Thursday, July 7, 2011

Weaving a Story Line

I first encountered Nicole Krauss through her novel History of Love, a book that sat on my shelf awhile before I ventured in. That book reminded me in a way of Jonathan Safron Foer's Extremely Loud and Incredibly Close (and yes, I did have to look up the title again to remember which adverb goes with which adjective). Both have young narrators and weave together what at first seems to be disconnected plot lines. Both also have threads of Holocaust narratives as well.

I started Great House once unsuccessfully, then picked it back up during my vacation and couldn't put it down. Again the pulls together characters with only thin connections--if any at all--in New York, London, and Jerusalem. The single connection is a large, usual desk, first introduced by a narrator (one of several) who agrees to keep furniture for a young poet returning to Chile. The desk is the single piece to which she becomes attached, eventually using it while writing her novels. The other characters include the husband of another, more famous author who owned the desk, a brother and sister whose father recovers personal items lost during the Holocaust, a son who returns home to stay with his estranged father in Israel after quitting his job as a judge in England.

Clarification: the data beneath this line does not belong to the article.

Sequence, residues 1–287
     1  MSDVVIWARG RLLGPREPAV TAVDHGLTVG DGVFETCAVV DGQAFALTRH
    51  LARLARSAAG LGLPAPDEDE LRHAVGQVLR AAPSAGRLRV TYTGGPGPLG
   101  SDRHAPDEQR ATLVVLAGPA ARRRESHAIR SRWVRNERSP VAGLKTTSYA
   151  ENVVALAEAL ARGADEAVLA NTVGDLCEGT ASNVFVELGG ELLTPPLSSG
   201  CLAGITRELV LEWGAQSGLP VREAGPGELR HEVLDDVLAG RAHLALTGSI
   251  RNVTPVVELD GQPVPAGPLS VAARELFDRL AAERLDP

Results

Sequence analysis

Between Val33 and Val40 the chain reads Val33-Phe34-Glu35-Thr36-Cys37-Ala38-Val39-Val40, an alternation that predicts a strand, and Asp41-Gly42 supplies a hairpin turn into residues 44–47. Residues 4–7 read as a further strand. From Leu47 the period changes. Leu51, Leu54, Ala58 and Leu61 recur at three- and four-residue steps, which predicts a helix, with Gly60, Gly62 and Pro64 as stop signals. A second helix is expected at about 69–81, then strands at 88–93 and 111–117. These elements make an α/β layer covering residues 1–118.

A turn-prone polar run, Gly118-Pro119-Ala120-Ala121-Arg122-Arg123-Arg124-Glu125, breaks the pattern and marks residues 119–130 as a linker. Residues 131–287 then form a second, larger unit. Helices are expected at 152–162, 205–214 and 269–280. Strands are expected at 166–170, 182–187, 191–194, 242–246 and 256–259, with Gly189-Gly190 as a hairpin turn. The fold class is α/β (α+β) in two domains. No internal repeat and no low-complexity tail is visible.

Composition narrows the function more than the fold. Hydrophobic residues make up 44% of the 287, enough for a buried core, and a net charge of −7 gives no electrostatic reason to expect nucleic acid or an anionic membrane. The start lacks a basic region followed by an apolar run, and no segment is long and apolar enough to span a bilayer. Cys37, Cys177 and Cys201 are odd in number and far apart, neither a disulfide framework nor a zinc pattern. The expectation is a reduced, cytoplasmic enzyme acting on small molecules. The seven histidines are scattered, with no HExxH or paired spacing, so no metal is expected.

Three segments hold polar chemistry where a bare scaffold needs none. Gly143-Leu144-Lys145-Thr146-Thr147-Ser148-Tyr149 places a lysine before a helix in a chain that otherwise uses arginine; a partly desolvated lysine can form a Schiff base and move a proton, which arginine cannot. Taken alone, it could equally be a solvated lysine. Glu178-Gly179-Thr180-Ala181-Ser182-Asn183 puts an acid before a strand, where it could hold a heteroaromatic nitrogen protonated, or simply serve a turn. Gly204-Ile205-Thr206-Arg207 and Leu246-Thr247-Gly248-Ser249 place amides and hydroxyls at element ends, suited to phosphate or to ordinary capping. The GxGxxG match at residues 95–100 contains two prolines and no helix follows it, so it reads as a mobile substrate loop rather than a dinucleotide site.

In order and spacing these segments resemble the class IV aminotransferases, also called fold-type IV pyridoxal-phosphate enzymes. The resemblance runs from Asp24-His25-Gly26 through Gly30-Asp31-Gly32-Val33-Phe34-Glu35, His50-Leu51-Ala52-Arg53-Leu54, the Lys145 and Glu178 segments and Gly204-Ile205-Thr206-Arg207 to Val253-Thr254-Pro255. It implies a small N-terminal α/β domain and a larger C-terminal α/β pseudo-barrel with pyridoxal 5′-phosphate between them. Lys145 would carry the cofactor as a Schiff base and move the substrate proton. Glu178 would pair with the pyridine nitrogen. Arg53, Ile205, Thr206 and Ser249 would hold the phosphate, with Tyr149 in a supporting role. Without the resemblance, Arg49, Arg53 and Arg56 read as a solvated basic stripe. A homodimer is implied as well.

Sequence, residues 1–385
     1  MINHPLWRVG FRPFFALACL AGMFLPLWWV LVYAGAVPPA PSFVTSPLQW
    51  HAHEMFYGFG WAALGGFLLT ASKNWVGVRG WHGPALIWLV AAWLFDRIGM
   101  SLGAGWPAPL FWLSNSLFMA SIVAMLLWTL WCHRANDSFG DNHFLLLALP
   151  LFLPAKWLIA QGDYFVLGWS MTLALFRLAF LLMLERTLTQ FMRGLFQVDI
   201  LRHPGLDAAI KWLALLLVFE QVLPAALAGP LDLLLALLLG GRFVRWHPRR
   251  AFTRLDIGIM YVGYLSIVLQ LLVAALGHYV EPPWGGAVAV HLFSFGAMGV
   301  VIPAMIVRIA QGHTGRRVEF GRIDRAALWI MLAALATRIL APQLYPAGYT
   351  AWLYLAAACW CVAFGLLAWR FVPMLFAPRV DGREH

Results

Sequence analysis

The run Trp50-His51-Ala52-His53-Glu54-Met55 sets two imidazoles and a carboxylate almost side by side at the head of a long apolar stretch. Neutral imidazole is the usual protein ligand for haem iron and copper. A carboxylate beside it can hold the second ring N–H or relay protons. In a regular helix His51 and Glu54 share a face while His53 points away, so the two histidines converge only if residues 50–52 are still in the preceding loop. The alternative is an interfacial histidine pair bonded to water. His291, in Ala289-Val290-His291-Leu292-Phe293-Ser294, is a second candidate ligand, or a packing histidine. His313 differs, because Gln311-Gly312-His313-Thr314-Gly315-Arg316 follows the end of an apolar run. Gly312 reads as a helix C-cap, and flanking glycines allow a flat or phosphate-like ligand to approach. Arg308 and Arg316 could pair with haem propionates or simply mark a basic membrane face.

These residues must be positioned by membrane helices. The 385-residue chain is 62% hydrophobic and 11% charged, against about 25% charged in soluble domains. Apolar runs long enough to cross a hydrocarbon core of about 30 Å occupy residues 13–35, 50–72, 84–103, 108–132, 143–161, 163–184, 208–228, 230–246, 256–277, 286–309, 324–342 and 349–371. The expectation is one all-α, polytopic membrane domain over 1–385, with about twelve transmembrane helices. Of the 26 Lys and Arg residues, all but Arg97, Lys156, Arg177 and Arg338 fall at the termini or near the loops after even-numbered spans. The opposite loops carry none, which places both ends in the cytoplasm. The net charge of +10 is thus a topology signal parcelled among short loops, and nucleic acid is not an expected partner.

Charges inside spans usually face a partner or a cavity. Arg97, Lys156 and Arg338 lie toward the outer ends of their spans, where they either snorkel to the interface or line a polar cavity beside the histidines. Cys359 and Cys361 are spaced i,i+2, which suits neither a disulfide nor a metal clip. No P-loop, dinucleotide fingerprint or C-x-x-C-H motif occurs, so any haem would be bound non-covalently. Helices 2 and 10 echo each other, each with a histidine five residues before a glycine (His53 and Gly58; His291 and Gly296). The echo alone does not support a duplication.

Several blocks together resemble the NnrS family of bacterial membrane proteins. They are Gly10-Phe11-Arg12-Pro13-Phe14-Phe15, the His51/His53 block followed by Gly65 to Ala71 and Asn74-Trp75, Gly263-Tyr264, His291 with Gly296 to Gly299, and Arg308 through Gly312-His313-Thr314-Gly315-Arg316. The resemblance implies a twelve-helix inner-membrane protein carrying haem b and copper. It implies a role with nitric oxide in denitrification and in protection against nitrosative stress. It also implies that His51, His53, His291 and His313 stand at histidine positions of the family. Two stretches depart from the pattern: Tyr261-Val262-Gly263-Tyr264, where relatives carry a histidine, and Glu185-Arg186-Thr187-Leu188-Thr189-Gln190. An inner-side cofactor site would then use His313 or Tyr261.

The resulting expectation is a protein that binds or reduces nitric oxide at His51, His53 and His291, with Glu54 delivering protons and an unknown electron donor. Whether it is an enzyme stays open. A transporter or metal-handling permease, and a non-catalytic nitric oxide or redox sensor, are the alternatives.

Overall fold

The significance of the title also makes a late appearance in the narrative, reinforcing the idea of collective memory. I have finally learned to highlight and make notes in my i-Book, so I can at least look back for the patches of yellow.

This is not the kind of narrative for which I could provide a spoiler. In fact, this is one of the handfuls of books that I finish then turn back and re-read the last chapter or two, just to be sure I comprehend how the story is resolved. I can often (well, maybe I should say sometimes) read a book and feel satisfied when I'm finished without needing to talk about it. This is not one of those books. I have a genuine desire to go back through and chart the people, places, and timeline. I have a need to talk about this clever, intricately woven tale with someone else. I'm just not through with it yet.

1 comment:

Marie Cloutier said...

This has been in my TBR pile for-ever. I love your thoughtful take on it and I'm glad you found it so thought-provoking.